Police and security personnel block a road before a rehearsal of a fireworks display near the National Stadium ahead of the 100th founding anniversary of the Communist Party of China in Beijing, China June 25, 2021. REUTERS/Thomas Peter
June 28, 2021
By Cate Cadell
BEIJING (Reuters) – Behind roadblocks and hundreds of police in the Chinese capital of Beijing on Friday, fireworks resembling the national flag bloomed over the city as part of secretive and tightly choreographed rehearsal for the 100th anniversary of China’s Communist Party.
Beijing has shut down traffic, decked streets in patriotic flower arrangements and national flags, and ramped up surveillance and security this week in preparation for the centenary event on July 1.
The covert rehearsals represent the final stages of a yearlong planning effort, designed to glorify Party history and cement domestic loyalty to China’s socialist system.
“Without the Communist Party, there is no new China,” read new propaganda posters throughout the city.
Plans for the event haven’t been fully revealed, though state media and government agencies have hinted at a large-scale theatrical event in Tiananmen Square. A performance is scheduled for Monday at the Bird’s Nest stadium, built for the 2008 Olympics.
The anniversary has been preceded by a clampdown on potential dissident activity, including a spate of arrests this year under a law banning the defamation of national heroes, and an online venue for citizens to report “historical nihilists,” a phrase referring to those sharing unsanctioned versions of Party history.
Upgraded security and its attendant disruption isn’t unusual ahead of major political events in the capital, but the fanfare has taken on added importance amid new political challenges to the Party at home and abroad.
“It comes down to legitimacy … what you’re sitting through in those events is an extended performance for the benefit of the domestic public to basically legitimise an unelected government, which is why, in short, these things are so important,” said Graeme Smith, a fellow in the Department of Pacific Affairs at the Australian National University specialising in Chinese politics.
NO ROOM FOR ERROR
On June 23, residents in the old-style hutongs in Beijing awoke to find alleys decked out in a coordinated display of Chinese national flags, visible by almost every doorway.
Beginning in May, teams dressed in orange work uniforms became a common sight throughout the city, upgrading roadside decor and creating elaborate floral arrangements made up of 2.3 million seedlings and potted plants, according to state media.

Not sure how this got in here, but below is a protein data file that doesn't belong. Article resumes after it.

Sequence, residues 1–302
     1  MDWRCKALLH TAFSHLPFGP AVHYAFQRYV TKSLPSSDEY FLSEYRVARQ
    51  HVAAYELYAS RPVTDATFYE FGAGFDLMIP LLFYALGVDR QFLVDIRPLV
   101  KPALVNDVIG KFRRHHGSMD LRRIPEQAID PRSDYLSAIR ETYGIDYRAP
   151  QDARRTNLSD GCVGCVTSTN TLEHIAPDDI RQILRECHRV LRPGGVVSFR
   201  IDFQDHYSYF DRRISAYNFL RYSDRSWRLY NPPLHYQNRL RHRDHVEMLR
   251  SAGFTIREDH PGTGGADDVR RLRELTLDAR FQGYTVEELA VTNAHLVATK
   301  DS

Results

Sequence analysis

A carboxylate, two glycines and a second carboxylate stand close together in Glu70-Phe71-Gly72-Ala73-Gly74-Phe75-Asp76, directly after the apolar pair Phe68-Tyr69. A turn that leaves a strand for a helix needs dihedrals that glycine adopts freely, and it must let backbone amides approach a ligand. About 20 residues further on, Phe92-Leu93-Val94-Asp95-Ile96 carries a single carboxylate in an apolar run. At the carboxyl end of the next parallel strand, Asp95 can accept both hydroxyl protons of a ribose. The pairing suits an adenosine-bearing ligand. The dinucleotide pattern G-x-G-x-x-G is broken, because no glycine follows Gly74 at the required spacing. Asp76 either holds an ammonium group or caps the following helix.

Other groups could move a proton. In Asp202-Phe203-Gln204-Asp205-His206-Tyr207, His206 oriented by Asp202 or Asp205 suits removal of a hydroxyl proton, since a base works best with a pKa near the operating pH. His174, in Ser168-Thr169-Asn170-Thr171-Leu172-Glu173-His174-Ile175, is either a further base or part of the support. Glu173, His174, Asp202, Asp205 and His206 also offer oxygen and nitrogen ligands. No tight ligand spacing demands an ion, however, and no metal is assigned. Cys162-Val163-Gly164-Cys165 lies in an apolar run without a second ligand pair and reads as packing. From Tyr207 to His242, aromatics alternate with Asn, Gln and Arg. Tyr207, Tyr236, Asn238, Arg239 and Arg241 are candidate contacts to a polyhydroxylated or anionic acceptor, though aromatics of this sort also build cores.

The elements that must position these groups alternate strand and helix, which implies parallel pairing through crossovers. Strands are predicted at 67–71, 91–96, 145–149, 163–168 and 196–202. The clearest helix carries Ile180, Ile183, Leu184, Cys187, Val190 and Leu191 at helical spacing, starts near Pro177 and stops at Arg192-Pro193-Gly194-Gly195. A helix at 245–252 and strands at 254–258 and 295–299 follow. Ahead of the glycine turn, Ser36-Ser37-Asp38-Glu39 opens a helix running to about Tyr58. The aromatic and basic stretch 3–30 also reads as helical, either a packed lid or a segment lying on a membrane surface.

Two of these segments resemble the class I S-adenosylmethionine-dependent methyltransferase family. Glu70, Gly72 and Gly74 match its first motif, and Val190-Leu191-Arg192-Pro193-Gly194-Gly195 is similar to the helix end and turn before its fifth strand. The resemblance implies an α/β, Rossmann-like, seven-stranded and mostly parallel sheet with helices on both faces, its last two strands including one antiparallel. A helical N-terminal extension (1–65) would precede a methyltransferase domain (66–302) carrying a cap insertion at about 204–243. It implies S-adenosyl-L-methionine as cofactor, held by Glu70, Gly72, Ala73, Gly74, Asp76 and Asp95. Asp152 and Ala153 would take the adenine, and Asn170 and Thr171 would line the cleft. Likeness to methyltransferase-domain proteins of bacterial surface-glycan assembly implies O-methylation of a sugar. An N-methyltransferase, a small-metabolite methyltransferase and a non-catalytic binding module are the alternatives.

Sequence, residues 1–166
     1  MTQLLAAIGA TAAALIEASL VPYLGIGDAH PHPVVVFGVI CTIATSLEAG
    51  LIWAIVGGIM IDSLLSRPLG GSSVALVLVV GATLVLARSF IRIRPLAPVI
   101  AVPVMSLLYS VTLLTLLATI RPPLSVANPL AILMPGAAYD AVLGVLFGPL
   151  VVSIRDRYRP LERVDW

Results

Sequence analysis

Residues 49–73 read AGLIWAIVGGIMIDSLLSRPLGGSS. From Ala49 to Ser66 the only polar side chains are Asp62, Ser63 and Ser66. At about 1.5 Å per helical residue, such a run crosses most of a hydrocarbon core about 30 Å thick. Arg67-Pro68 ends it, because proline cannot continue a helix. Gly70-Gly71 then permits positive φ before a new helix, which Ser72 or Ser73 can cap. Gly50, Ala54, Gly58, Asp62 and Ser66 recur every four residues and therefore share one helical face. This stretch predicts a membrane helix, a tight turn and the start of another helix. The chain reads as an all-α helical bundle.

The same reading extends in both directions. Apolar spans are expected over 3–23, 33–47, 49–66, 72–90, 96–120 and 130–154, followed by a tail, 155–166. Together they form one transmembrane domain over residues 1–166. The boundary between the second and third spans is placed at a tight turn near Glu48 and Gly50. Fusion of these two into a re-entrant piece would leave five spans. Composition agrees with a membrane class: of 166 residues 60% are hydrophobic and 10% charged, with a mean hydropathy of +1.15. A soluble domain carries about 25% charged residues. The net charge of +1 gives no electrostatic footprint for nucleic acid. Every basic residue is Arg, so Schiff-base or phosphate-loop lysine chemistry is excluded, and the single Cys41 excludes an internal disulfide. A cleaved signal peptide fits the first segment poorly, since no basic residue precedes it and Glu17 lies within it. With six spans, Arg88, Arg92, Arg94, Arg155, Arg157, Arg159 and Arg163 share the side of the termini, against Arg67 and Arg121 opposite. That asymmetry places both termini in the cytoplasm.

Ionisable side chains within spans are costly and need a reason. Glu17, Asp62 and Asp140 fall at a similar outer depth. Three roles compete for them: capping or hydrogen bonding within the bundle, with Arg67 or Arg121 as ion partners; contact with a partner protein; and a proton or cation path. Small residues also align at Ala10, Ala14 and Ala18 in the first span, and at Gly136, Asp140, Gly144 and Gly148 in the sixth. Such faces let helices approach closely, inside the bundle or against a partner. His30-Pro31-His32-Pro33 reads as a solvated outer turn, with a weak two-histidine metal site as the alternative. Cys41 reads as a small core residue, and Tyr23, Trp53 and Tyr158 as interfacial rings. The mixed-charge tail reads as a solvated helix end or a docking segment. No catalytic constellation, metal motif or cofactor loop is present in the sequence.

At the same time, security organs have ramped up surveillance and other restrictions.
Last week, police officers went door to door in Beijing’s central Dongcheng district checking house registrations and confirming the number of people living at each address, people in the neighbourhood told Reuters.
A Dongcheng police official told Reuters that such visits were “normal inspections”.
People on a citywide list of residents suffering from mental illnesses, including schizophrenia and bipolar disorder, received house calls and phone checks from authorities, a common practice ahead of major political events, according to two people who received the calls and a doctor who said many of their patients had been contacted.
The Beijing city government did not reply to a request for comment.
Four merchants on China’s top e-commerce site, Taobao.com, told Reuters they had been banned from shipping items including gas bottles and other flammable products to Beijing residents beginning in June. Taobao’s owner, Alibaba, did not immediately reply to a request for comment.
“It’s like having an enormous birthday party and not wanting your embarrassing neighbours to spoil it,” said Smith, adding that propaganda around so called “sensitive days” on Beijing’s calendar can also serve as a warning to potential dissidents.
Throughout China, local state-run institutions, including hospitals, schools and military units will hold special events marking the anniversary, including political-education sessions and party history exhibitions.
“The whole army will transform the political enthusiasm radiated by the celebrations into practical actions to advance the cause of strengthening the country and the army in the new era,” Ren Guoqiang, spokesman for the Ministry of National Defence, said on June 23.
Censorship of China’s already tightly controlled cyberspace has intensified.
Two people working at the Tianjin-based censorship unit of social media firm Bytedance Ltd and one Beijing-based censor for Chinese search engine Baidu.com said they had received new directives in recent months on removing negative commentary about the anniversary. Neither company immediately replied to requests for comment.
“There’s no room for error,” said one Bytedance staffer, who declined to be named because they are not permitted to speak to foreign media.
As of Friday, patriotic fervour on display in Beijing’s streets was largely mirrored online. Despite tight censorship, however, a small number of netizens griped over the road closings and costly events that are closed to the public.
“My family has lived in Beijing for several generations, I have become accustomed to this,” said one commenter on social media site Weibo.com, venting concerns about pollution from the mass firework displays. “This city has sacrificed too much for politics.”
(Reporting by Cate Cadell. Editing by Gerry Doyle)